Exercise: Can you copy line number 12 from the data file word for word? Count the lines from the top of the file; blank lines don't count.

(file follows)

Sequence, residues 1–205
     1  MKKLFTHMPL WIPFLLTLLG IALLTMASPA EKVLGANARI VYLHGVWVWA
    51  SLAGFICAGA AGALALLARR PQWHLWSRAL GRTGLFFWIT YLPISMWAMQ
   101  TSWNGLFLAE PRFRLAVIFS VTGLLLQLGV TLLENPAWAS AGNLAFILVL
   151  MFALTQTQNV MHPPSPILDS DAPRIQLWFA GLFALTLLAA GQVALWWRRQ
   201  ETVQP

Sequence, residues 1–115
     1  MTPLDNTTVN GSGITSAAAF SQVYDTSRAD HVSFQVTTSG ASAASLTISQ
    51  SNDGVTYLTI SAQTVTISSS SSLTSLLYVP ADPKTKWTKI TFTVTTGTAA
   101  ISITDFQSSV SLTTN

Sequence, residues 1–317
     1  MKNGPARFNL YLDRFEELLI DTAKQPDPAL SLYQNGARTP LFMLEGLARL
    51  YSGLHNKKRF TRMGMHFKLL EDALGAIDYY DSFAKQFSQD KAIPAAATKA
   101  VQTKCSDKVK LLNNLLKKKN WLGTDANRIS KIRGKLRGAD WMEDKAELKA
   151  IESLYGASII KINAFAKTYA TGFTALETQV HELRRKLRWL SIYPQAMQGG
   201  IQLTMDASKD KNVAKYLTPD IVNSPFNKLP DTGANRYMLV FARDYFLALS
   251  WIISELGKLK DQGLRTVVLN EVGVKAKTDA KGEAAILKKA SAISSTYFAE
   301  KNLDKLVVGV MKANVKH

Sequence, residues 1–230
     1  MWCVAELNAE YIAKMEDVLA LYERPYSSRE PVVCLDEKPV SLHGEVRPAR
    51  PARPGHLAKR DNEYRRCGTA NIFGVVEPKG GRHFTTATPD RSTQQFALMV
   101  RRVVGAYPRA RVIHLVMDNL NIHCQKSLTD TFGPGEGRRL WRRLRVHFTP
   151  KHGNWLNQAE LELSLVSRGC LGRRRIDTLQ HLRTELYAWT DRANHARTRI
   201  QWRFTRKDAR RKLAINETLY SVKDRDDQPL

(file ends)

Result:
     1  MKNGPARFNL YLDRFEELLI DTAKQPDPAL SLYQNGARTP LFMLEGLARL